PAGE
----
Why does it matter that you’re able to articulate your unique value proposition? Because words matter. And clear words are ones that will be remembered by those with whom you network. When you have it “right,” your words will resonate with people; they will also remember who you are and what you offer, and they will be able to network and market for you by sharing your “byte” sized information with others they may run into days, weeks or even months later. They will be able to talk about you and what you do. This is a wonderful and powerful way for you to spread the word about yourself without you having to go to every event. The second major reason you want to be able to articulate your value proposition is it is a way to self-regulate and keep yourself on track and on focus. Are you actually staying on track and doing what your UVP says you are doing? Have you strayed? Listen to what you are saying about yourself and make sure that is who you are and what you are doing. Be consistent, be clear and stay on track.

  • Is Your Brain Working Against You?
    Brain Science and the Art of Presenting

    By Guest Blogger Susan Taylor of Imagine Productions

    A note from Jackie: Many solos are terrified of presenting themselves to the world; for them, there is nothing scarier than standing up in front of a full auditorium and talking about what makes their business special. Forget about the auditorium! Some of my clients can barely stand to talk to one person at a cocktail party and explain their business venture. But you know what? Presenting yourself is a vital skill if you’re a solopreneur. Remember Principle #2 from Better, Smarter, Richer? You MUST be able to clearly and confidently articulate your unique value proposition, whether you’re talking to two people, 100 people…or even just yourself in the mirror (which is sometimes scariest of all). This guest piece from presentation expert Susan Taylor gives some fabulous tips for mastering the fear of presenting.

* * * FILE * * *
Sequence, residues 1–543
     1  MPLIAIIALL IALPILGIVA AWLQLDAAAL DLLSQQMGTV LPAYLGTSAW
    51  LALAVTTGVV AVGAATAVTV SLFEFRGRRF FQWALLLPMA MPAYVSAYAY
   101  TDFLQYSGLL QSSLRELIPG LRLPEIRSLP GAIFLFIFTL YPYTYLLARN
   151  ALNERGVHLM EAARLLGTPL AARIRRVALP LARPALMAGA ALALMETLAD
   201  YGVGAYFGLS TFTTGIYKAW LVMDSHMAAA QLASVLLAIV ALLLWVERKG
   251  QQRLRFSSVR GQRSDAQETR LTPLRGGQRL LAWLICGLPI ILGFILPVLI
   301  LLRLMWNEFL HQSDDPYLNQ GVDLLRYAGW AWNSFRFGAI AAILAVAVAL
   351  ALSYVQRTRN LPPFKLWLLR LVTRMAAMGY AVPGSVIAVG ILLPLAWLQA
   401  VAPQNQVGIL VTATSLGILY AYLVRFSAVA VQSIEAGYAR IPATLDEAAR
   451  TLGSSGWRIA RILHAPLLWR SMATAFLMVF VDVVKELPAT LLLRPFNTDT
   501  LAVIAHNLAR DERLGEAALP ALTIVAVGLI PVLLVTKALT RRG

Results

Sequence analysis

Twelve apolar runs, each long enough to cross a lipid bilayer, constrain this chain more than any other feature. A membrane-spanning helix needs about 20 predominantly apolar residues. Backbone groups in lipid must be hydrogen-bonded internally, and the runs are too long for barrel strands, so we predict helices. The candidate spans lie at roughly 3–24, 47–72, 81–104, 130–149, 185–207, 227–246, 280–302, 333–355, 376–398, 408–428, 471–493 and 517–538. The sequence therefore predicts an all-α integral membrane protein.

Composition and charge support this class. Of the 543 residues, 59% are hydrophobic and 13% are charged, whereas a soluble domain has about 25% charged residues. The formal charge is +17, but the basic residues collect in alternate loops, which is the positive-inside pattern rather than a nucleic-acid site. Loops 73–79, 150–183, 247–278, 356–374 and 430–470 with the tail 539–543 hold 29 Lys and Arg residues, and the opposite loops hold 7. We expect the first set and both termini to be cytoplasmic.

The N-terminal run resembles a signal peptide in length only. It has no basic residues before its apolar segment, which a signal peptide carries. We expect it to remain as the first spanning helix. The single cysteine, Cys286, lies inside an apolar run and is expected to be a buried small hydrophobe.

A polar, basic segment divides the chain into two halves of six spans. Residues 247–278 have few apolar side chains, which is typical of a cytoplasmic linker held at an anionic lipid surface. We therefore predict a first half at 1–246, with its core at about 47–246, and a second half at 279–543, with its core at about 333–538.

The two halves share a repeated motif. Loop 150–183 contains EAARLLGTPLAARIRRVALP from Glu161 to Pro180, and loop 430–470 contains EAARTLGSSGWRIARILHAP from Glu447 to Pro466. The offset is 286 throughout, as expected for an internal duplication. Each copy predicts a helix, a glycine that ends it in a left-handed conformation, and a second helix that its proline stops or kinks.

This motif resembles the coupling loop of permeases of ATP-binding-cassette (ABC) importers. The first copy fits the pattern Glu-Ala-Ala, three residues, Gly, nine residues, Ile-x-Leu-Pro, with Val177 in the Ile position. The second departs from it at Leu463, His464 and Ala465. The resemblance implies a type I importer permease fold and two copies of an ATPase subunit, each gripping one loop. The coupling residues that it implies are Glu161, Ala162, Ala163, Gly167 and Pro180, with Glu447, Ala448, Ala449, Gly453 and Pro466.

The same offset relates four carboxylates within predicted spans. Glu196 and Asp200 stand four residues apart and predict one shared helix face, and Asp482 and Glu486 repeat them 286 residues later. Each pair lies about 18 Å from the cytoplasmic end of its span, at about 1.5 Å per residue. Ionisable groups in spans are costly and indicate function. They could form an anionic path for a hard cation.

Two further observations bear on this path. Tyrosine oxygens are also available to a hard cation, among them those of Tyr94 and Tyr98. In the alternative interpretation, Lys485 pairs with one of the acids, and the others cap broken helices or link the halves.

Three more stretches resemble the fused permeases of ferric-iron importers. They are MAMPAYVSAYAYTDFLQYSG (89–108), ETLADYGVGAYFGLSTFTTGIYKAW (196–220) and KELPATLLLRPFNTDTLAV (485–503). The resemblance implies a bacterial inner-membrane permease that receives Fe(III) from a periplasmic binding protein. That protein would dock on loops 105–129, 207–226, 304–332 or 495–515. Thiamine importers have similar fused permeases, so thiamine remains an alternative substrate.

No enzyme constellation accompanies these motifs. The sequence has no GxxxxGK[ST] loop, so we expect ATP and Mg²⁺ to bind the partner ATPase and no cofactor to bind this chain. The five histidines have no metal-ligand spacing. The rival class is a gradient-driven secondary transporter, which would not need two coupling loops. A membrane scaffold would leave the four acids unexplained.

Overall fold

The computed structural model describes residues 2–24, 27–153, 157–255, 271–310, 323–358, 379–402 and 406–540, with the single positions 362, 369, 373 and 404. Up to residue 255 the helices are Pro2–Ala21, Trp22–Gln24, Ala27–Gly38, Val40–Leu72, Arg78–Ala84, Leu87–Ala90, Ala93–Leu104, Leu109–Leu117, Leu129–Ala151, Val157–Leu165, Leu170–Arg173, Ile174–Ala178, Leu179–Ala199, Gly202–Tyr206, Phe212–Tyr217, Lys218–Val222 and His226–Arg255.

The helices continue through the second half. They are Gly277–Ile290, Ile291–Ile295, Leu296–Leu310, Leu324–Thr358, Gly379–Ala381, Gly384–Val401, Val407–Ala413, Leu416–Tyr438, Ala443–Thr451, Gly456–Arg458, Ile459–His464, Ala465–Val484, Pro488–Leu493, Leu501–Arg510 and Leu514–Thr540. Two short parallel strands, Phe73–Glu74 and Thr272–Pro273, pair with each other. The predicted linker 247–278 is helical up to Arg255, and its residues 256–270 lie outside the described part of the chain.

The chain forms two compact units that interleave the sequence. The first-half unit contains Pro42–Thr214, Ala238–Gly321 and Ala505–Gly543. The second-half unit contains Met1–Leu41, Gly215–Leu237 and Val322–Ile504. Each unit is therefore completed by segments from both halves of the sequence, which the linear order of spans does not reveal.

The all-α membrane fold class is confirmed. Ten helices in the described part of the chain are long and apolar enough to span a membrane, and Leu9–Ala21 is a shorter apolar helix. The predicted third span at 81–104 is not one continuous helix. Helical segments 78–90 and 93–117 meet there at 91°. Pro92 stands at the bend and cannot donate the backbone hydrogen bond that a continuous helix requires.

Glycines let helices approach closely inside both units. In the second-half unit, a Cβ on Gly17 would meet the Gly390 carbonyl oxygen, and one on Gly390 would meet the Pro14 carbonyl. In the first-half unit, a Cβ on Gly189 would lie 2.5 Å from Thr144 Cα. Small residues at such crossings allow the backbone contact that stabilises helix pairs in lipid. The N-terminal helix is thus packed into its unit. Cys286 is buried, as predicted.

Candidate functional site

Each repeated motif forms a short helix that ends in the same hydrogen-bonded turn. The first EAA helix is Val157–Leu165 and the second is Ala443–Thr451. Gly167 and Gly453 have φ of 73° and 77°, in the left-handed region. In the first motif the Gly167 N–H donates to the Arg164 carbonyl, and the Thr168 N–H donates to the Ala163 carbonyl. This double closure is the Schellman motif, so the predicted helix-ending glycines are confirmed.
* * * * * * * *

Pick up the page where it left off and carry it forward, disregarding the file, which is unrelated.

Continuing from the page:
Who’s in charge around here? Can you believe that in certain circumstances your brain takes charge of you and can even go so far as to work against your best interest? That little bundle of grey matter at the end of your spine has a mind of its own – or rather, is a mind of its own. There are three primary parts to your brain, each with assigned specific tasks. Each part developed separately as we evolved. The oldest part of your brain – known as the reptile brain – is, or most certainly was, a good pal. In fact we share this part of brain with all vertebrates and it served us all well. Its primary function is to interpret the world around us and keep us safe from danger so that we can live to reproduce our species.

    Brain Science and Fear

    Photo Credit: eatyou_S@ilor

    “What dangers?” you may ask. Lions? Yes. That something in the bushes? Yes. That tree that looks a little different than it did last time you passed by? Yes. Your presentation in a crowded auditorium? Your primitive brain will leap to your assistance here as well, but this time the assistance is not helpful.

    >>Read more…